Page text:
The Tecsun PL680 has been a long time coming to the Australian market so we’re very excited that Silicon Chip Magazine has featured this great new addition to our range of radios in their most recent December 2015 magazine’s Product Showcase.

The Tecsun PL680 is featured in Silicon Chip Magazine December 2015

The Tecsun PL680 is featured in Silicon Chip Magazine December 2015

“For keen shortwave listeners, you’ll notice the difference in the PL680.”

– Silicon Chip Magazine

And the Silicon Chip team aren’t the only ones excited about the upgrades. Here are just a few other reviews the PL680 has received:

“Worth the upgrade.”

swling.com

“Tecsun certainly gives you a lot of bang for your buck.”

Chris Freitas, On Radio Blog

The PL680 was featured and reviewed in Silicon Chip Magazine alongside the new Tecsun PL365 giving two of our most popular portable receivers a major makeover, making them even better value for money.

The PL680 radio with VHF Air Band is a great radio for communications enthusiasts with the radio providing excellent reception to all of the major frequency bands including AM/MW, FM, Shortwave with SSB, Longwave, and VHF Air Band.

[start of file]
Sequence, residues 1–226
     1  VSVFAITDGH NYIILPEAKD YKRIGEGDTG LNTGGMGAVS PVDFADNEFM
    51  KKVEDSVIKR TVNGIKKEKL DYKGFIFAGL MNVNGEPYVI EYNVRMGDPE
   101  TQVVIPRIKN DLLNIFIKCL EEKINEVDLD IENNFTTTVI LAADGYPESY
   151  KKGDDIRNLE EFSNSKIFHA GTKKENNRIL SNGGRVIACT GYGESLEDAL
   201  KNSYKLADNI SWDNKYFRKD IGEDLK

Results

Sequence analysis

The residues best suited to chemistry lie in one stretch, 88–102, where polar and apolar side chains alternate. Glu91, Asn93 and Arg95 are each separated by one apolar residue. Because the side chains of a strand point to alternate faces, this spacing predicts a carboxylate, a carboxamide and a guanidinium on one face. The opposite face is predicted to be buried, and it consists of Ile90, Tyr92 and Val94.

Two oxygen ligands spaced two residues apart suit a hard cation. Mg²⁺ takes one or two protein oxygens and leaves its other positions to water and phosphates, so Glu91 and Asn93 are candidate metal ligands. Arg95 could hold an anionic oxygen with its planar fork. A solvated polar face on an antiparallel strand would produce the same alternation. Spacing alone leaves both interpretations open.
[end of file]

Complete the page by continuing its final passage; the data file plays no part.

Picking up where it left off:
The Tecsun PL365 is the only radio in the Tecsun range (apart from the Tecsun S2000 Desktop Radio) to provide an external antenna connection for the AM/MW band. The Tecsun PL365 Radio is an ideal radio to use for AM/MW EMI surveys because of its external AM antenna, ability to accept customised antennas and display showing signal strength in dBuV.

Both radios are available and in stock now, right in time for Christmas.

The PL365 connected to the AN100 Loop Antenna

The Tecsun PL365 is the only pocket-sized radio in the Tecsun range that offers an external antenna connection. It’s easy to use, portable and comes with a great list of features to make this pocket-radio perfect for the outdoors and for use as an emergency radio.

Extended AM coverage

The PL365 is configured so that when the user selects 9Khz channel spacing on the AM broadcast band (as used in Australia) the frequency coverage is set to 522 -1620 Khz. This means that when a user tunes across the AM broadcast band in Australia, the receiver increments in 9Khz steps, which conforms to the ACMA MW bandplan.